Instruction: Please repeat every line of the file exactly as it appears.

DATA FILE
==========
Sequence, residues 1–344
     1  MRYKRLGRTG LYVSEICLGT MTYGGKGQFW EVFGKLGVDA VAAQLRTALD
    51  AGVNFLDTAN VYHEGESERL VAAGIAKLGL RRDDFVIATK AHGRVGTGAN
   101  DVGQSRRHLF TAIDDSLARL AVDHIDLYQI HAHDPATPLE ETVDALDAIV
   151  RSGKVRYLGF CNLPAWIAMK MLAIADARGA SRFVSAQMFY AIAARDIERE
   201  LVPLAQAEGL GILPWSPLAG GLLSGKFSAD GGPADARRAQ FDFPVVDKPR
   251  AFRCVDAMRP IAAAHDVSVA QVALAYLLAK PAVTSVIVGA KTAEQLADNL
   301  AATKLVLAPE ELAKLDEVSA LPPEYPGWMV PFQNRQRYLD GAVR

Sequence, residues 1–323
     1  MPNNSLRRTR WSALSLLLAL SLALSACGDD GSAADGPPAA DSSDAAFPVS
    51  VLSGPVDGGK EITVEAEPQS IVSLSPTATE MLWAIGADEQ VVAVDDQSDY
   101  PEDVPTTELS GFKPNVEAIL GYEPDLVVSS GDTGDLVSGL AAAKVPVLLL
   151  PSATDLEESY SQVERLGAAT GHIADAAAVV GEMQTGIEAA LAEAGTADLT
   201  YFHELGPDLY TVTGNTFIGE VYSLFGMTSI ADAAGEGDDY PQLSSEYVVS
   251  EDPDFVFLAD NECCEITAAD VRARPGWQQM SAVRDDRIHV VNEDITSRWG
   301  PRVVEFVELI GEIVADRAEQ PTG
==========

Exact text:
Sequence, residues 1–344
     1  MRYKRLGRTG LYVSEICLGT MTYGGKGQFW EVFGKLGVDA VAAQLRTALD
    51  AGVNFLDTAN VYHEGESERL VAAGIAKLGL RRDDFVIATK AHGRVGTGAN
   101  DVGQSRRHLF TAIDDSLARL AVDHIDLYQI HAHDPATPLE ETVDALDAIV
   151  RSGKVRYLGF CNLPAWIAMK MLAIADARGA SRFVSAQMFY AIAARDIERE
   201  LVPLAQAEGL GILPWSPLAG GLLSGKFSAD GGPADARRAQ FDFPVVDKPR
   251  AFRCVDAMRP IAAAHDVSVA QVALAYLLAK PAVTSVIVGA KTAEQLADNL
   301  AATKLVLAPE ELAKLDEVSA LPPEYPGWMV PFQNRQRYLD GAVR

Sequence, residues 1–323
     1  MPNNSLRRTR WSALSLLLAL SLALSACGDD GSAADGPPAA DSSDAAFPVS
    51  VLSGPVDGGK EITVEAEPQS IVSLSPTATE MLWAIGADEQ VVAVDDQSDY
   101  PEDVPTTELS GFKPNVEAIL GYEPDLVVSS GDTGDLVSGL AAAKVPVLLL
   151  PSATDLEESY SQVERLGAAT GHIADAAAVV GEMQTGIEAA LAEAGTADLT
   201  YFHELGPDLY TVTGNTFIGE VYSLFGMTSI ADAAGEGDDY PQLSSEYVVS
   251  EDPDFVFLAD NECCEITAAD VRARPGWQQM SAVRDDRIHV VNEDITSRWG
   301  PRVVEFVELI GEIVADRAEQ PTG